Seek advice before you contribute
When it comes to cash and other monetary gifts, here are six possibilities. Before making any moves, however, consult your financial planner and/or tax adviser. Also, talk to your kids to see how your gifts may affect their family financial planning.
1. 529 plan for educational expenses
Your first thought is to start, or add to, a 529 education savings plan for college. Great. In 2020, the average annual cost of tuition, fees, and room and board for a four-year, in-state public college was almost $22,000 — and it was $50,000 for a four-year private college. Plan withdrawals can be used for these qualified expenses.
For tax purposes, your contributions will be considered gifts. You can give up to $75,000 ($150,000 per couple) in a single year to lower your taxable estate, provided you treat it as if you made it in equal amounts over a five-year period (IRS Form 709). “Or you and your spouse could give $15,000 per year, per child, if you prefer,” Lineberger says. That is, $15,000 from you and $15,000 from your spouse. If you have three grandchildren, that’s a total of $90,000 without gift-tax consequences.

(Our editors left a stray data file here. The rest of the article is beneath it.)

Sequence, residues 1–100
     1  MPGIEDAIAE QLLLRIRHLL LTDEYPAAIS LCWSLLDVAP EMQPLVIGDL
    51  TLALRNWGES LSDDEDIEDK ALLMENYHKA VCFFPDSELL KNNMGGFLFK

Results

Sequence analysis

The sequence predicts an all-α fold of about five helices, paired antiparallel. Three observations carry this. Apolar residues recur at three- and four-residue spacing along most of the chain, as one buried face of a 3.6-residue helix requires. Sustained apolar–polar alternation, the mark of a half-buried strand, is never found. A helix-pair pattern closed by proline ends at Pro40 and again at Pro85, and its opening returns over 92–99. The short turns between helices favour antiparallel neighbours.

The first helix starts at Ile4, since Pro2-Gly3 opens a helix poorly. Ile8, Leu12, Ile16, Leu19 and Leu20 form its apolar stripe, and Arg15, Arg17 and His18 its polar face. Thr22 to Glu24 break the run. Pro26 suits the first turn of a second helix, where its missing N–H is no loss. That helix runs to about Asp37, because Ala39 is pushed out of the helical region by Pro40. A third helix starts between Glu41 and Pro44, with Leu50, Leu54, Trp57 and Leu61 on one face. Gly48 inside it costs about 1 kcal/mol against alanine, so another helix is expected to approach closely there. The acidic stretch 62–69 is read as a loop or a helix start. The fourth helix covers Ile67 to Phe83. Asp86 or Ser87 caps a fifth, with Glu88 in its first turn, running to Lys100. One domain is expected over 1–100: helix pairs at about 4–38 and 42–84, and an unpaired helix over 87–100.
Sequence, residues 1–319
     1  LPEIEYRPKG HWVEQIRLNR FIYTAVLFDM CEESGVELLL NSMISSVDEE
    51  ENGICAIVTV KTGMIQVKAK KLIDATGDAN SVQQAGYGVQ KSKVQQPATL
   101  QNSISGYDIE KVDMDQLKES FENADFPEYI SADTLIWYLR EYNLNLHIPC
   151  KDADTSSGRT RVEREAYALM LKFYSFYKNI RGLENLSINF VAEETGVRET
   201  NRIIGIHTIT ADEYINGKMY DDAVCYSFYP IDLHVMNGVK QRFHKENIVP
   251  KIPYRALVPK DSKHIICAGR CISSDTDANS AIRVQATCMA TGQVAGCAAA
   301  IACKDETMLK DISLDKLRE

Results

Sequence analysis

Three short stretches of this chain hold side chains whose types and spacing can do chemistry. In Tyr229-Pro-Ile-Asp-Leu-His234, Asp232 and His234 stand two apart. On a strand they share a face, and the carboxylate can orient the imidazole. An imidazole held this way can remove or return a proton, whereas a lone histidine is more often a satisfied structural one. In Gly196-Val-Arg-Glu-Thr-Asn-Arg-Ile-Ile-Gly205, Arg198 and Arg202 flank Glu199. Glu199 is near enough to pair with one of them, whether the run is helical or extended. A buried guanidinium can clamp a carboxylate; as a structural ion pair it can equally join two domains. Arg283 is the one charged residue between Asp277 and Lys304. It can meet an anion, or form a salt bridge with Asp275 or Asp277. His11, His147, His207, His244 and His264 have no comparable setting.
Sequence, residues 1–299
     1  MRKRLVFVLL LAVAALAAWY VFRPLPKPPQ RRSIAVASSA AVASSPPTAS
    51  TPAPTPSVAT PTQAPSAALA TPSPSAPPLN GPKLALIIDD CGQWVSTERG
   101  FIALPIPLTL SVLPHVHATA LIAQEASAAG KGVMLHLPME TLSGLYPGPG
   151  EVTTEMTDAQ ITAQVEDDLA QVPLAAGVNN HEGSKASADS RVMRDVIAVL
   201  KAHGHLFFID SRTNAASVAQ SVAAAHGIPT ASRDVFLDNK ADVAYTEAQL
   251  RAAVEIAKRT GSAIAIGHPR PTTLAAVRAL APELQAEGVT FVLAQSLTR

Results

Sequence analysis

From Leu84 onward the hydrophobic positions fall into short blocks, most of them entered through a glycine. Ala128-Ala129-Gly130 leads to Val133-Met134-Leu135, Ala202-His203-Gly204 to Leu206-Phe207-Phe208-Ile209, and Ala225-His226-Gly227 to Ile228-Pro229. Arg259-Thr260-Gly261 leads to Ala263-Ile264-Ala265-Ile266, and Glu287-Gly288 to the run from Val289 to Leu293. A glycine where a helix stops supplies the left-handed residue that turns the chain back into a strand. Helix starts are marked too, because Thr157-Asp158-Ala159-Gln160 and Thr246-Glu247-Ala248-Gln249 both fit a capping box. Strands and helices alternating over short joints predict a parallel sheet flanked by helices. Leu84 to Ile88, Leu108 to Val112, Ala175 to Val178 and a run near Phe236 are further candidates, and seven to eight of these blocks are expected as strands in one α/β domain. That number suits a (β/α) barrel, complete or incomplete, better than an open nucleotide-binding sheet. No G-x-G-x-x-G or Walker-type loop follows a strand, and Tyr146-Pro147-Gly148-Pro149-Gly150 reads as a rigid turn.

Also, under the SECURE Act, in effect since January of 2020, your grandchild, the beneficiary, can use these funds to pay for qualified expenses related to apprenticeships, and up to $10,000 over his or her lifetime to repay student loans. This money can also be used to cover qualified education expenses for elementary and high school students — up to $10,000 per beneficiary per year. All of this is tax-free.
What about student financial aid? Because 529 funds are considered parental assets, they will have a minimal effect on the family’s expected family contribution (EFC) and the student’s financial need. These plans have several advantages over a Uniform Gifts to Minors Act (UGMA)/Uniform Transfers to Minors Act (UTMA) account or a Coverdell educations savings account (ESA). For the details, consult your financial planner or tax adviser.
2. Series I savings bond